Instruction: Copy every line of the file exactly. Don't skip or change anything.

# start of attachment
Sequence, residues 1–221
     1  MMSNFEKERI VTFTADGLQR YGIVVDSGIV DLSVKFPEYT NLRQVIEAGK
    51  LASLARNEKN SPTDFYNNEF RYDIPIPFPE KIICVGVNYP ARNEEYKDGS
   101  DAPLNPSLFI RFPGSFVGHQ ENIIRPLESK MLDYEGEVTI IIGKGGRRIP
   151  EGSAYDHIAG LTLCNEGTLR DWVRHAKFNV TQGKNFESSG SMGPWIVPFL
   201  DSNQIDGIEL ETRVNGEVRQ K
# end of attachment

Sequence, residues 1–221
     1  MMSNFEKERI VTFTADGLQR YGIVVDSGIV DLSVKFPEYT NLRQVIEAGK
    51  LASLARNEKN SPTDFYNNEF RYDIPIPFPE KIICVGVNYP ARNEEYKDGS
   101  DAPLNPSLFI RFPGSFVGHQ ENIIRPLESK MLDYEGEVTI IIGKGGRRIP
   151  EGSAYDHIAG LTLCNEGTLR DWVRHAKFNV TQGKNFESSG SMGPWIVPFL
   201  DSNQIDGIEL ETRVNGEVRQ K